Why I Didn’t Want To Tell People My Kids Are In School

I contemplated for some time before typing this post. It has been quite a struggle within me to open up. We had placed Elijah into a kindergarten in April. As of now, both my children are officially in mainstream schools.

Grandparents, neighbours and our medical professionals (OT, Educational Psychologist etc) might have performed a little celebration dance upon hearing the news. “It’s about time you did that!” or “It’s better for him” were what they would say.

If I could see their thought bubbles, it might have been…

This crazy woman has finally found her senses!!

On the other hand, the homeschool community would pose questions like “was homeschooling Elijah so tough?”or “have you prayed this decision through?”

Their thought bubbles could look like this:

Ah…she’s not cut out to handle homeschooling. She’s given up.

The truth is, caring and teaching my son is tough. Some questions I ask myself everyday: “How do I keep him engaged throughout our lessons?”, “How do I get him to write without the tantrums?”, “How can I help him stay focus long enough to finish one task?” and “How do we go through a day without tears and battles?”

It is challenging, tiring and discouraging (often faced with rejections from society). I ask myself why walk this tiresome path when so many others seem to have an easier route?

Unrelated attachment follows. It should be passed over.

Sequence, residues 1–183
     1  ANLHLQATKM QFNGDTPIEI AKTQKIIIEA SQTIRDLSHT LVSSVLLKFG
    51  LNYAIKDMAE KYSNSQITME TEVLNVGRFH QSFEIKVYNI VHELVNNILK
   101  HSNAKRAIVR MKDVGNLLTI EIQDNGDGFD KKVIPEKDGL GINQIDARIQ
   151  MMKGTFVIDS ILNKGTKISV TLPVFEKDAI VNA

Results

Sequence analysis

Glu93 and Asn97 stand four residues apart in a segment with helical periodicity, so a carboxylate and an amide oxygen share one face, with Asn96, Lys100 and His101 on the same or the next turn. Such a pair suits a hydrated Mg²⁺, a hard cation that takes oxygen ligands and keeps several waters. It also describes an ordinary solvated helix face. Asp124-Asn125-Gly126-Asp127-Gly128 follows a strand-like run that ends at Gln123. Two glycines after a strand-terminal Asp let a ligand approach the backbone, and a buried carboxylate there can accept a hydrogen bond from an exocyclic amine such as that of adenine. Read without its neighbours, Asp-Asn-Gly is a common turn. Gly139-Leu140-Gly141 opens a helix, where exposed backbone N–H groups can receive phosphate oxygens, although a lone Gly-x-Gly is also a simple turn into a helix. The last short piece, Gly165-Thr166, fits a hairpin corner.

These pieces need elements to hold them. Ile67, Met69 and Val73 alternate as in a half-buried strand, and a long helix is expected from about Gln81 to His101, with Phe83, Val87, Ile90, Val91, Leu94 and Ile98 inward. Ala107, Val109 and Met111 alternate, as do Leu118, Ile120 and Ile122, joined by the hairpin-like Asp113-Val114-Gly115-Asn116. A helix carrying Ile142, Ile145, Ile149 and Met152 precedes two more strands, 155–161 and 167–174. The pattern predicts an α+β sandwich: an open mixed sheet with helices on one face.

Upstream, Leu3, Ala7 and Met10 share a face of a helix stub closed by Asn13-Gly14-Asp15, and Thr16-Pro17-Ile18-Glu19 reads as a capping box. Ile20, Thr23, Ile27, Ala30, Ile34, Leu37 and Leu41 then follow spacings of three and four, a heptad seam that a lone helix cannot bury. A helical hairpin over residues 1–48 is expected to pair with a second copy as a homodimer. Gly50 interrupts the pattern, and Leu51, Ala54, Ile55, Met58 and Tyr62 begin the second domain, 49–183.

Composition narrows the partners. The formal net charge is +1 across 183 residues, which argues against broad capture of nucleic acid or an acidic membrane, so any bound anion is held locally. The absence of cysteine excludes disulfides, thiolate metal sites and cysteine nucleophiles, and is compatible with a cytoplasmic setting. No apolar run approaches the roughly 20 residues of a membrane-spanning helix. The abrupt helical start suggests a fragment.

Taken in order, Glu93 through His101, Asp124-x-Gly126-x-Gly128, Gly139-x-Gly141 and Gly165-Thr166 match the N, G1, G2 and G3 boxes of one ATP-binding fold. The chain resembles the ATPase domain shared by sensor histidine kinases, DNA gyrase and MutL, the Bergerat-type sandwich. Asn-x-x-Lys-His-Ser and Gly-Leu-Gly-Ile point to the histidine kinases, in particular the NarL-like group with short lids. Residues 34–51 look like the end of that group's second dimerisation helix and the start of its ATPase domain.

A homeschool mom remarked that God must have favoured me. While, it was her way of encouragement, deep down, it sounded like a mockery than compliment. I don’t want such “favours” – a simpler journey is very much welcomed.

I was holding on to the fears, guilt and expectations of everyone around me. It felt as if I had failed my son by choosing to send him to school. I wanted the best for him but clearly, I could not deliver.

On the flip side, the medical professionals and people (who wanted my son to be in school) made me feel as if I was not doing enough for him through homeschooling. His poor handwriting was because I didn’t expose him enough writing. His inability to read social cues were due to lack of experience in social settings. His activeness was attributed to the lack of structure.

Either way, I was bombarded with one message: I was not doing enough.

Finally, it came to a point that I collapsed in every way imaginable. I knew I was spiralling downwards. I was “forced” to let go of homeschooling, therapy activities, church activities, play dates etc. It wasn’t easy to put the brakes on when the world keeps spinning.

For those who asked if I had prayed… that felt like a slap in the face. OF COURSE, we would have prayed. But, guess what, God isn’t a genie or Santa that answers your prayer list. That doesn’t mean He isn’t listening or doesn’t care. That doesn’t mean we mean anything less. That doesn’t mean we aren’t “goody” enough. Or we’re not hearing Him right.

During this season, I’ve learned that God works in tandem with us. There is no fixed answer. Whatever “answer” given in that season, may not be the “answer” in this season.

This time, it was I (not my husband) who decided to let my son enter kindergarten. We were rejected by a nearby church kindergarten because of his differences. It was painful to deal with rejection every time. We tried again with another church kindergarten and they agreed to let Elijah try for a term.

5 months into kindergarten, he’s still in the same kindergarten. I thank God for that. It’s truly by His grace and providence.